Synopses & Reviews
Mr. Dixon a member of the Ulster Association of Magicians, has gone missing—along with one hundred thousand pounds in cash. Israel Armstrong, bighearted and overly inquisitive, should stick to delivering library books to out-of-the-way readers and not get involved in the investigation. But of course, he can't help himself—which costs him his job and earns him a place of dishonor among the police's prime suspects. Can Israel clear his name and get his van back? Will the exhibition of old local photos he's been driving around County Antrim offer clues to Mr. D.'s whereabouts? And is a romance in the offing with winsome barmaid Rosie Hart?
All will be revealed!
"'In Sansom's wry second mystery to feature Northern Ireland mobile librarian Israel Armstrong (after The Case of the Missing Books), Israel is suspected of robbing and kidnapping a local department store magnate, the titular Mr. Dixon, who dabbled in the magical arts. To clear his name, Israel must penetrate the bizarre world of Ulster magic. Dixon's wife seems curiously unmoved by her husband's absence, but perhaps all the alcohol she swills is masking her true emotions. If this isn't enough to ruin Israel's week, Linda, his boss at the mobile library, learns that Israel's been digging into the petty cash to pay his friend (and love interest), Rosie, to work for a few hours each week. Linda suspends him, and Rosie, who had thought her job was on the up and up, gets steamed about Israel's patronizing deception. Readers will enjoy the snappy dialogue and wacky cast of characters, particularly the lovable and winsome Israel. (July)' Publishers Weekly (Copyright Reed Business Information, Inc.)" Publishers Weekly (Copyright Reed Business Information, Inc.)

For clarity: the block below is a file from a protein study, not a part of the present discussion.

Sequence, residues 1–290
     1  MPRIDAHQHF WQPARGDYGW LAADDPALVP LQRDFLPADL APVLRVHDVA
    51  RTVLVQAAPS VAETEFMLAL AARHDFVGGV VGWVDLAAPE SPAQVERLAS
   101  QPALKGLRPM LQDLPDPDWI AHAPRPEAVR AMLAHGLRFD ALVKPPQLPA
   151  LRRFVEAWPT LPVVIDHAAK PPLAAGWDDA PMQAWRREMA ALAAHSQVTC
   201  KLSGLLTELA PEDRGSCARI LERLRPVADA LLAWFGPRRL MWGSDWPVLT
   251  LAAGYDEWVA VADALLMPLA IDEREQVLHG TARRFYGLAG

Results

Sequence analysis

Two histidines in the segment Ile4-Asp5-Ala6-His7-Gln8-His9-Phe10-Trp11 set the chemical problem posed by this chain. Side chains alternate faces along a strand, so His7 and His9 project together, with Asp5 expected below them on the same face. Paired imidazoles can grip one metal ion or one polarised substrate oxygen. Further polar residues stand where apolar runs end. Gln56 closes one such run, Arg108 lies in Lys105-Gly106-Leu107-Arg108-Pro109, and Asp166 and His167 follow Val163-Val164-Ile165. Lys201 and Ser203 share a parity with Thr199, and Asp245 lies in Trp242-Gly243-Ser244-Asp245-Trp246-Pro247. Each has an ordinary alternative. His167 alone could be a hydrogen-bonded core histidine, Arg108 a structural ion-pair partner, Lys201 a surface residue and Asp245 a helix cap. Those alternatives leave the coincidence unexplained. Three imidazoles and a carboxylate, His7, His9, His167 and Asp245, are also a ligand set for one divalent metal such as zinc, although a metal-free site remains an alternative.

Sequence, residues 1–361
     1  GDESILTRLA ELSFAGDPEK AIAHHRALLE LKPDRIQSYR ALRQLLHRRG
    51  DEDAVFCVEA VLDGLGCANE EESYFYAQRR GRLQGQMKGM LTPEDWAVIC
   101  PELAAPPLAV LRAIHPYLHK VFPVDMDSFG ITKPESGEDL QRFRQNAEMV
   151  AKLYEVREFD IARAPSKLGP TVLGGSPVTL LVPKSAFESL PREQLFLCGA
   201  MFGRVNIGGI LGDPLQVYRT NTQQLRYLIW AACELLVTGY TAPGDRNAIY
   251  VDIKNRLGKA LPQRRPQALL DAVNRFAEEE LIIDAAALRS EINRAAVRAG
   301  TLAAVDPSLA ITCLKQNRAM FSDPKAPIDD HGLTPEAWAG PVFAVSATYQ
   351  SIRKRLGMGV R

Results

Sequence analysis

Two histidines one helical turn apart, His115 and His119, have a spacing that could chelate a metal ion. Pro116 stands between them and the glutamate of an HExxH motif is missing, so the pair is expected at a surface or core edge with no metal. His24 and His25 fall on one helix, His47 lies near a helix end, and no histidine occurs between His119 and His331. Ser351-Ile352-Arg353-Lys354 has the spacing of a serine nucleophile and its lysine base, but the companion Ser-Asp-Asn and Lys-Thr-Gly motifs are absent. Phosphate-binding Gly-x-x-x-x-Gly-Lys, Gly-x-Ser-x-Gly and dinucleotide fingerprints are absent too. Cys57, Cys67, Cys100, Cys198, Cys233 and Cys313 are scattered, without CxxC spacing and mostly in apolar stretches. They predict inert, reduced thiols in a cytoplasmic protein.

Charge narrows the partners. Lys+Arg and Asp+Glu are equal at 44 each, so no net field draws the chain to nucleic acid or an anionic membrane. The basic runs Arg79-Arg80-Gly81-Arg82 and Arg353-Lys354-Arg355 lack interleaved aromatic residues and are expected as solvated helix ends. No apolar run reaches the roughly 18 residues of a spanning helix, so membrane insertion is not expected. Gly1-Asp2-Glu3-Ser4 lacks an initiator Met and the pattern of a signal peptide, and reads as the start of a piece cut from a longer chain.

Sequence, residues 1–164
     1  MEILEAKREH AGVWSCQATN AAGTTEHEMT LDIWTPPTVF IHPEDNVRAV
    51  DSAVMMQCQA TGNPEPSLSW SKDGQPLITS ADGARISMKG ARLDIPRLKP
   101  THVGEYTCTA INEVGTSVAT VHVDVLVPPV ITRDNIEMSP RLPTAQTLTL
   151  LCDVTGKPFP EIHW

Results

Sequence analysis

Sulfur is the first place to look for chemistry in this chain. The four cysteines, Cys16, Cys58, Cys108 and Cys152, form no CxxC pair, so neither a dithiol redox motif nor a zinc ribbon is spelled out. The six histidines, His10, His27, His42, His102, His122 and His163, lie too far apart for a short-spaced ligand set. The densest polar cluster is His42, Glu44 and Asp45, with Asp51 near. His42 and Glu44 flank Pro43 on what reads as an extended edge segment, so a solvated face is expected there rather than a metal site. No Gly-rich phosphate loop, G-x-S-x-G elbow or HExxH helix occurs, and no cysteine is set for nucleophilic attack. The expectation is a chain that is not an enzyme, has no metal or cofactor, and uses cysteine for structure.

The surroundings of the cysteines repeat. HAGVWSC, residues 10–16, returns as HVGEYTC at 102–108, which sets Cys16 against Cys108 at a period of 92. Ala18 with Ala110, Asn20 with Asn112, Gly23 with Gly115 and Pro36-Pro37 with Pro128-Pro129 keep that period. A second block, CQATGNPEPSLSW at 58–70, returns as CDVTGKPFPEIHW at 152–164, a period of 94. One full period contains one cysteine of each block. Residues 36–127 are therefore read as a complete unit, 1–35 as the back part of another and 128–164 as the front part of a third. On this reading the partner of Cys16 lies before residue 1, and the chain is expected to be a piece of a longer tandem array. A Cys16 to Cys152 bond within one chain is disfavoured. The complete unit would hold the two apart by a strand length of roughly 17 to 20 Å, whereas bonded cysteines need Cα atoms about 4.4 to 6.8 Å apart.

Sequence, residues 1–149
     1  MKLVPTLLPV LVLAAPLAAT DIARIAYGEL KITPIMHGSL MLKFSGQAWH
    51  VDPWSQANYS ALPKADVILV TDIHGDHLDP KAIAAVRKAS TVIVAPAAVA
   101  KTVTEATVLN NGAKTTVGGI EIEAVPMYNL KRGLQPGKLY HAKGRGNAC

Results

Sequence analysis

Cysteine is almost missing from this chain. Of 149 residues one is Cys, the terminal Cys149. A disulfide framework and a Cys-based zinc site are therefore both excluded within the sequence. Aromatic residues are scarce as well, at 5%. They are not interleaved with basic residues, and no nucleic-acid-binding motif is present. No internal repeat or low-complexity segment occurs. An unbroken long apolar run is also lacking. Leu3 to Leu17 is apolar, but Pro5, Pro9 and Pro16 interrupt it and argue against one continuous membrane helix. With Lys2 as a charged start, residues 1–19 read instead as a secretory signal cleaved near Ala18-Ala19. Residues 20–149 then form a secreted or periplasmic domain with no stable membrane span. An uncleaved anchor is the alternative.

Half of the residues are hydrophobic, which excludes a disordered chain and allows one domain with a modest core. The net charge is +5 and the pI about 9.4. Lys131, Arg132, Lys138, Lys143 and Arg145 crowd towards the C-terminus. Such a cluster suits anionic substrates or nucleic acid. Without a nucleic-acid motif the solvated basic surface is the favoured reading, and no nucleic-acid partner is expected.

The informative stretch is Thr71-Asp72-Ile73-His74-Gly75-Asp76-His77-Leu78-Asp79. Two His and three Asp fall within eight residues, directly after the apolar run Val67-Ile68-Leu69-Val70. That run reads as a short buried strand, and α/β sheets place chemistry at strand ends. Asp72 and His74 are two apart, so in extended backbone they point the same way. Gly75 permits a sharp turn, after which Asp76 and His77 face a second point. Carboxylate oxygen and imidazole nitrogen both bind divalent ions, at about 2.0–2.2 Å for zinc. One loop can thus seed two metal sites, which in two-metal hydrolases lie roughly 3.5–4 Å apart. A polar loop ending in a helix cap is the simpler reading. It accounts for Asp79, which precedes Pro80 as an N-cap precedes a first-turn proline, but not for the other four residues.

“[a] comic masterpiece” The Belfast Telegraph
“blissful British comedies for the intellectual escapist” London Times
“the great pleasure in this romp derives from Israels glum-in-his-Guinness rueful world view...” Washington Post
About the Author
Ian Sansom is a frequent contributor and critic for the UK publications The Guardian, Daily Telegraph, London Review of Books, and The Spectator, and a regular broadcaster on BBC Radio 3 and Radio 4. He is the author of nine books, including Paper: An Elegy and the Mobile Library series.